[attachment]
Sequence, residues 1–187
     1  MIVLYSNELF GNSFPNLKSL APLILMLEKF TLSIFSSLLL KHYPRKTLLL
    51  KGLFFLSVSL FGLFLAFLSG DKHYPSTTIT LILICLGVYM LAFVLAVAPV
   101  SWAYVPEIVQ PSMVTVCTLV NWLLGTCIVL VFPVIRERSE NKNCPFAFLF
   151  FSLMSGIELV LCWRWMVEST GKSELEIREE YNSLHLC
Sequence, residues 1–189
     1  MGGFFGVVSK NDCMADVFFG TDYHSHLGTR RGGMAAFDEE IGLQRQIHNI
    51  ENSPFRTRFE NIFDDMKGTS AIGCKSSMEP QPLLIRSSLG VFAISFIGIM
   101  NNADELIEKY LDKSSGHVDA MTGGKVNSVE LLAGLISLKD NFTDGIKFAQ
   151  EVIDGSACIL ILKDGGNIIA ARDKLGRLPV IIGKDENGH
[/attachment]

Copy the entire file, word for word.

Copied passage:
Sequence, residues 1–187
     1  MIVLYSNELF GNSFPNLKSL APLILMLEKF TLSIFSSLLL KHYPRKTLLL
    51  KGLFFLSVSL FGLFLAFLSG DKHYPSTTIT LILICLGVYM LAFVLAVAPV
   101  SWAYVPEIVQ PSMVTVCTLV NWLLGTCIVL VFPVIRERSE NKNCPFAFLF
   151  FSLMSGIELV LCWRWMVEST GKSELEIREE YNSLHLC
Sequence, residues 1–189
     1  MGGFFGVVSK NDCMADVFFG TDYHSHLGTR RGGMAAFDEE IGLQRQIHNI
    51  ENSPFRTRFE NIFDDMKGTS AIGCKSSMEP QPLLIRSSLG VFAISFIGIM
   101  NNADELIEKY LDKSSGHVDA MTGGKVNSVE LLAGLISLKD NFTDGIKFAQ
   151  EVIDGSACIL ILKDGGNIIA ARDKLGRLPV IIGKDENGH